Tale of Two Economies: IMF Tallies Up Sanctions Wreckage in Iran
(Bloomberg) -- The re-imposition of U.S. sanctions on Iran’s oil exports is undoing every assumption the International Monetary Fund had about its economy.
Instead of a growth spurt the IMF anticipated only months ago, it now projects a recession starting in 2018, a deepening fiscal shortfall and inflation more than tripling from last year, according to its regional economic outlook released on Tuesday.
“Sanctions against Iran will undercut its near-term trade and growth prospects, increasing the risk of spillovers,” the Washington-based lender said in the report.
Renewed curbs on buying Iranian oil are already rippling through the economy, which has previously survived a decade of sanctions that eased with the 2015 nuclear deal. The national currency, the rial, has lost about 70 percent of its value against the dollar this year as fear of shortages prompted Iranians to hoard foreign exchange and gold.
A bout of panic-buying in August, when the first batch of U.S. sanctions came into effect, has also helped push up inflation. Imported supplies account for at least half the goods purchased by middle-class and wealthy households.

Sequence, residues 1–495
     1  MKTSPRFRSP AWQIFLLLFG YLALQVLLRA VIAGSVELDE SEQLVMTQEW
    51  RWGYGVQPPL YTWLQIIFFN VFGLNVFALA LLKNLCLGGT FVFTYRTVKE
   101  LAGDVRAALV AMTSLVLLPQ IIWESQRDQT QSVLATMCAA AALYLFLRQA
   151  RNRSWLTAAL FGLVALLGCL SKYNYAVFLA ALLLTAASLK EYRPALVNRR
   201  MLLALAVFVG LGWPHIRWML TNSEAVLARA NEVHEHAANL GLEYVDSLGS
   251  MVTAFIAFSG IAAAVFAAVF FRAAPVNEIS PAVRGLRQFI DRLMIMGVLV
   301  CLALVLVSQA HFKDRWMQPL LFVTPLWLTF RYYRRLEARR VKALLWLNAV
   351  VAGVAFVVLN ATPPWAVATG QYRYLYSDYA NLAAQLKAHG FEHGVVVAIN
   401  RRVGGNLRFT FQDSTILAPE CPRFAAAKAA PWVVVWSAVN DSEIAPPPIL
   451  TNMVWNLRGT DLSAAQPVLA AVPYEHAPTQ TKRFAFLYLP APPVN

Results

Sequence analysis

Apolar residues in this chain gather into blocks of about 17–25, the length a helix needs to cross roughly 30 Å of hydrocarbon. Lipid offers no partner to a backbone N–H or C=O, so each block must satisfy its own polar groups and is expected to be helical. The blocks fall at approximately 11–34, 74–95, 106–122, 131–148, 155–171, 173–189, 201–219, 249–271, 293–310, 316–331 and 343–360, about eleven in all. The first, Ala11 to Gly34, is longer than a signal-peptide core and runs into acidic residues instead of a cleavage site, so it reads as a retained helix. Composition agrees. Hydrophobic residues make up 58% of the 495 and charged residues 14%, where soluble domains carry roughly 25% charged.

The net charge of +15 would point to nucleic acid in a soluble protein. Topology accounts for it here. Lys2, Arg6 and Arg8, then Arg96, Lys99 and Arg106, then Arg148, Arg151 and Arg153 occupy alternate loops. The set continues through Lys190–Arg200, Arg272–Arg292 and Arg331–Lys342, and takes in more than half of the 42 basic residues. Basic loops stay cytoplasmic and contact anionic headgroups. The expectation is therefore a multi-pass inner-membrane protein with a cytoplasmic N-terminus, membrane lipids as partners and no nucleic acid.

Worse may yet be to come. While European governments have vowed to preserve the nuclear agreement and find ways to continue trading with Iran after the Trump administration withdrew from the deal, the IMF predicts the new sanctions will likely cut Iranian oil production and exports “significantly over the next two years at least.”
As Iran’s energy proceeds plunge, it will require a much higher crude price to balance the budget. The Islamic Republic will need oil to trade at close to $100 a barrel to break even, compared with less than $65 last year, the IMF estimates.
OPEC’s third-biggest producer has already seen its oil exports plunge almost 40 percent since April, a month before President Donald Trump pulled the U.S. from the nuclear pact.
©2018 Bloomberg L.P.